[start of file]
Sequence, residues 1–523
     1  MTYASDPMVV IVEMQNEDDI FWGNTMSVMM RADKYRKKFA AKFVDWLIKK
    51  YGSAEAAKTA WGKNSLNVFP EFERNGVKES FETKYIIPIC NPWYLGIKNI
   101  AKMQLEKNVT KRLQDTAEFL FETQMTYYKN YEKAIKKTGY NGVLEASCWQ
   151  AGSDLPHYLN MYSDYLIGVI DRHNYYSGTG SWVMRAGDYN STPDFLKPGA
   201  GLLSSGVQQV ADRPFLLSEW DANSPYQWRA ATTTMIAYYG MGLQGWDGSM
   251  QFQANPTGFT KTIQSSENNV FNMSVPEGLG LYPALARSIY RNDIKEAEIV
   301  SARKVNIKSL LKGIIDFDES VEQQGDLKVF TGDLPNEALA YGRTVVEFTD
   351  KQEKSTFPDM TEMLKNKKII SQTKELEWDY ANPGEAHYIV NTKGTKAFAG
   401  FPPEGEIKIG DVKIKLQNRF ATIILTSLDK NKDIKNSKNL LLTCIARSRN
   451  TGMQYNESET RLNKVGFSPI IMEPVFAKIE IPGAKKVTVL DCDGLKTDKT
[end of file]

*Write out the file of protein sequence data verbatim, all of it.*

Sequence, residues 1–523
     1  MTYASDPMVV IVEMQNEDDI FWGNTMSVMM RADKYRKKFA AKFVDWLIKK
    51  YGSAEAAKTA WGKNSLNVFP EFERNGVKES FETKYIIPIC NPWYLGIKNI
   101  AKMQLEKNVT KRLQDTAEFL FETQMTYYKN YEKAIKKTGY NGVLEASCWQ
   151  AGSDLPHYLN MYSDYLIGVI DRHNYYSGTG SWVMRAGDYN STPDFLKPGA
   201  GLLSSGVQQV ADRPFLLSEW DANSPYQWRA ATTTMIAYYG MGLQGWDGSM
   251  QFQANPTGFT KTIQSSENNV FNMSVPEGLG LYPALARSIY RNDIKEAEIV
   301  SARKVNIKSL LKGIIDFDES VEQQGDLKVF TGDLPNEALA YGRTVVEFTD
   351  KQEKSTFPDM TEMLKNKKII SQTKELEWDY ANPGEAHYIV NTKGTKAFAG
   401  FPPEGEIKIG DVKIKLQNRF ATIILTSLDK NKDIKNSKNL LLTCIARSRN
   451  TGMQYNESET RLNKVGFSPI IMEPVFAKIE IPGAKKVTVL DCDGLKTDKT